Nevermind all the talk of fuel efficiency mandates. Judging by product rollouts at recent auto shows, some consumers still want racy, stylish cars. And automakers aren't hesitating to build them.
Call them dream cars. Chevrolet launched one at the North American International Auto Show in January: Its powerful new 2014 Corvette Stingray. Not to be outdone, McLaren Automotive rolled out the new hybrid P1, and Lamborghini introduced the high-powered Veneno at this week's Geneva Motor Show.
We call them dream cars for good reason. The 2014 Stingray is rumored to have an expected pricetag of $55,000, which is dreamy enough. But the McLaren P1 -- with only 375 units in production -- will run $1.15 million. And the Veneno -- possibly the ultimate in automotive exclusivity -- will cost $3.9 million. Only three will be built.
We've put together a few facts and photos of the Stingray, Veneno, and P1, the better to feed consumer fantasies. Click on the photo to begin dreaming ...
The $3.9M Lamborghini Veneno features a 6.5-liter, 12-cylinder engine. Working with a seven-speed transmission, it produces 750 HP and accelerates from zero to 100 km/h in just 2.8 seconds. (Source: Automobili Lamborghini)
So, GM makes a $35,000 vehicle that gets 200+ MPG and consumers don't buy it. Why? Help me understand that. On electricity, it costs me 1/3 of using gas (at 37 MPG). 3 cents per mile instead of 10 cents per mile.
I'm also using 100% domestic energy instead of 60% foreign oil. How do these two things not make cents/sense to the American Consumer?
Due to this massive misunderstanding, I'm in the process of finalizing my book with my publisher - due out 3/31/13. All the costs, fuel, electricity usage, etc.
Help me understand why the average American just wants to continue supporting the 100+ year old internal combustion engine?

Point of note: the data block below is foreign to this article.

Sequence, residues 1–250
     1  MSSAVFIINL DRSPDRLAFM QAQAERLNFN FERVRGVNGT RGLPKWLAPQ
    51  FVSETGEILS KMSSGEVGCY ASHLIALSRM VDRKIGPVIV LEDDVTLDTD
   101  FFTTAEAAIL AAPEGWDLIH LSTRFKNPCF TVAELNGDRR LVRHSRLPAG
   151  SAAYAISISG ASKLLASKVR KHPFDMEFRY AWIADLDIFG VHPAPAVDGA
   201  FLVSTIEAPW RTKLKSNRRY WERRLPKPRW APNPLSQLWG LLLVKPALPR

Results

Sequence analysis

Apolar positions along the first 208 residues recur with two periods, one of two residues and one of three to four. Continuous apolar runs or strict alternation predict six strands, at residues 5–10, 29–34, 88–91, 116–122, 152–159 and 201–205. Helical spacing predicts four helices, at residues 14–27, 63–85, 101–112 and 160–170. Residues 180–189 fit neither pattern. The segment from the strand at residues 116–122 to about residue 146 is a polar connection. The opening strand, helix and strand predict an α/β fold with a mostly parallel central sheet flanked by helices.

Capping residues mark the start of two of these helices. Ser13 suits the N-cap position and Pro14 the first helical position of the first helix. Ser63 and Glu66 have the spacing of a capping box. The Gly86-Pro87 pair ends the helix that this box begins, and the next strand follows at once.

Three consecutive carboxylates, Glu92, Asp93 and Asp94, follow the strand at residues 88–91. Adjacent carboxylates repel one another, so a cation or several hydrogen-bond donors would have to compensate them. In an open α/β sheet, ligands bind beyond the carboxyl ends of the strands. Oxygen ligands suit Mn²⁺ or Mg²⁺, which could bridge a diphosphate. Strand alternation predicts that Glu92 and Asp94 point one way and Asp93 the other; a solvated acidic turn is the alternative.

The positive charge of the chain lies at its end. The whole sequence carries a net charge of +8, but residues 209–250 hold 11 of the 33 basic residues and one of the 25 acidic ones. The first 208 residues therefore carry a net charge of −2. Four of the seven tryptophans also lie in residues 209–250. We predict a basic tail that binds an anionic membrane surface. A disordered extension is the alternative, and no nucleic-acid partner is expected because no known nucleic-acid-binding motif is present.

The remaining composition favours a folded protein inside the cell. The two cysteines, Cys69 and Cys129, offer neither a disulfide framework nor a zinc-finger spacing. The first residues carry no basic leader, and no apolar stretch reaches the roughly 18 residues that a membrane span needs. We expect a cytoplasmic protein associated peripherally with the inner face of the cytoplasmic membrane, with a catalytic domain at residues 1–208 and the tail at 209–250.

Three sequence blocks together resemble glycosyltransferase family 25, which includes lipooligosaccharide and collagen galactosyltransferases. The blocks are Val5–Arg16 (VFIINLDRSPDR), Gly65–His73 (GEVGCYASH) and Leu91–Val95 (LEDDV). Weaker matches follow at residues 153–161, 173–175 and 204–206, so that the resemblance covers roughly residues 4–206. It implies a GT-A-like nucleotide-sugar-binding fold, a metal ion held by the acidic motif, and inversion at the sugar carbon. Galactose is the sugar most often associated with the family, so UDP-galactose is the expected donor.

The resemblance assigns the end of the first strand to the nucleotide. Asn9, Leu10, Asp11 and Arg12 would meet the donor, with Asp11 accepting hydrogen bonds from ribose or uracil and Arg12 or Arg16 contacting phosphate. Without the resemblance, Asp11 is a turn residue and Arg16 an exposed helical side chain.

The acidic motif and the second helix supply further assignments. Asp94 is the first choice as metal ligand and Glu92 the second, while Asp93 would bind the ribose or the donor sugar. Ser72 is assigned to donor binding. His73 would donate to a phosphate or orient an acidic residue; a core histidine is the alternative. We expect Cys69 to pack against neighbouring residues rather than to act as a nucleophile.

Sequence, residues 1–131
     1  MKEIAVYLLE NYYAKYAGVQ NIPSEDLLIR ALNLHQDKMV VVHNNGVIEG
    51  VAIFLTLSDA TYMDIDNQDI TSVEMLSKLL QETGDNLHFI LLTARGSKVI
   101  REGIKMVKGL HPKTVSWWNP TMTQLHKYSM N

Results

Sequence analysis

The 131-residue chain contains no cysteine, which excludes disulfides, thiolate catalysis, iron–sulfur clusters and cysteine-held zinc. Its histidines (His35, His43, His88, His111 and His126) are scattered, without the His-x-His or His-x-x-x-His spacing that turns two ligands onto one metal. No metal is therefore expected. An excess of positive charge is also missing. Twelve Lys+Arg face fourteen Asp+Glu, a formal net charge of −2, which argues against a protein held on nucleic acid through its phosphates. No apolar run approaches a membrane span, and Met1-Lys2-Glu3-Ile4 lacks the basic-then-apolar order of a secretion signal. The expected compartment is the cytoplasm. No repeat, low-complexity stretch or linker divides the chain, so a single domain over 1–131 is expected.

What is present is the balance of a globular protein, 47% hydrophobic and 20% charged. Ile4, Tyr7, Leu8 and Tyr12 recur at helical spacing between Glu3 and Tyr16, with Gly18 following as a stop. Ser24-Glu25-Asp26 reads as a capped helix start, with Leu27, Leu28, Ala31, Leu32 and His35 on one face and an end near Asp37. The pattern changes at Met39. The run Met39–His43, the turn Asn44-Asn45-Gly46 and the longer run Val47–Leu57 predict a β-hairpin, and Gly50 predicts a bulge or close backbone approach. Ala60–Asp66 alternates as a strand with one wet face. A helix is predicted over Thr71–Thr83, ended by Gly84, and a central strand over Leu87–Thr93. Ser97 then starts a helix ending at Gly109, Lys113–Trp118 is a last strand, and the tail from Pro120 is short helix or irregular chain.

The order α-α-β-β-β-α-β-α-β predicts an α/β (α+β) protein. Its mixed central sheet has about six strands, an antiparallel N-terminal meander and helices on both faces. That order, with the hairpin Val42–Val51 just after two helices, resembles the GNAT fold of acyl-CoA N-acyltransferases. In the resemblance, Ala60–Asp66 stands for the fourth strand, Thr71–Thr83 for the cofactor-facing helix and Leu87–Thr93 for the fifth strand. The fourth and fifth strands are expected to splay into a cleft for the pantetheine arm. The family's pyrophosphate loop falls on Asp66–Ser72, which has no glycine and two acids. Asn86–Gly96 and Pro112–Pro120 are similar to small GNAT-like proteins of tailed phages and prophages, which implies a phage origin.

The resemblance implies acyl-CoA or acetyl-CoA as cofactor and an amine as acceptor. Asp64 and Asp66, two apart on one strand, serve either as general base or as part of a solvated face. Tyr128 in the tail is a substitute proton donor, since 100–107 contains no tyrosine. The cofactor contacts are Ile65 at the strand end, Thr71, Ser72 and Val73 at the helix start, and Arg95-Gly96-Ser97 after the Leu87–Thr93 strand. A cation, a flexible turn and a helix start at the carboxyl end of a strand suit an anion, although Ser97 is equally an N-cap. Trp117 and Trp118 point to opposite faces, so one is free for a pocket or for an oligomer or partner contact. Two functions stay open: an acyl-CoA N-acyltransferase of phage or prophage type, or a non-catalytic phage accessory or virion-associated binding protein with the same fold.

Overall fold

I agree with your premise, but we must ask ourselves why do we keep bailing out the American auto industry?
I suggest that it is a combination of politics and consumers really want those kind of cars. Consumers say they want the cheap, high MPG cars like the rest of the world, but they do not want to drive one. I personally like my older cars, but reality is that I need a high MPG and will relegate my older cars to limited driving/collection pieces.
We all wish we could have one of these cars, but if I had the 3.4 million dollar car I would be afraid to drive it!
On the political front, well crony capitalism trumps free markets because it is about buying votes! We voters keep voting the same political hacks (both parties) and expect different results (or just any results).
GM is clearly committed to improving its efficiency - but without sacrificing beauty. I was at the Detroit Show in January. The Corvette and the Cadillac ELR were the stars of the show. I used to want a Corvette, but now having driven electric, there is no going back. The ELR will be my next car.
I'm a consumer. I'm 32 with likely a few vehicles that I will be purchasing in my life time. I want a very simple 80-100 mpg, very light 3 wheeled vehicle for commuting for days when the weather is not very appealing for my motorcycle or bicycle (rain/snow/salt). The ELIO is almost it, but even they are putting 3 airbags into the vehicle. I want a basic $5k vehicle that has a roof, is reliable, and gets great mpg. I don't want ABS, airbags, traction control, satalite radio, GPS, remote start, power windows, power seats, etc. I don't even need a radio.
Three times now gasoline prices have soared and US automakers had to be bailed out because they made expensive cars with low mpg. It happens about every decade. It will likely happen again soon as the conflict with Iran continues. I like these cars, but the dessert does not replace the potatoes in a meal.
I agree that consumers don't want to pay a price anywhere near what's mentioned here, Rigby5. That said, these articles always seem to pique reader interest, so I assume that somewhere deep inside, some consumers are interested, By the way, the three Lamborghinis have already been sold. Who buys them, I don't know.
Yes there will always be a place and interest in high end performance.
But the article said this prototype showed consumer interest, and that is not true. It shows manufacturer interest.
And no one in this country is making $10 brown shoes yet when it comes to cars. Asia and Europe are, but we won't let them import those 80 mpg cars here, and the US makers refuse to produce our own domestic ones. That is making the customers more and more unhappy. These cars are nice, but all they are making are $500 shoes. Where are the $10 brown shoes? Hybrids are not $10 brown shoes.
Samsung's Galaxy line of smartphones used to fare quite well in the repairability department, but last year's flagship S5 model took a tumble, scoring a meh-inducing 5/10. Will the newly redesigned S6 lead us back into star-studded territory, or will we sink further into the depths of a repairability black hole?
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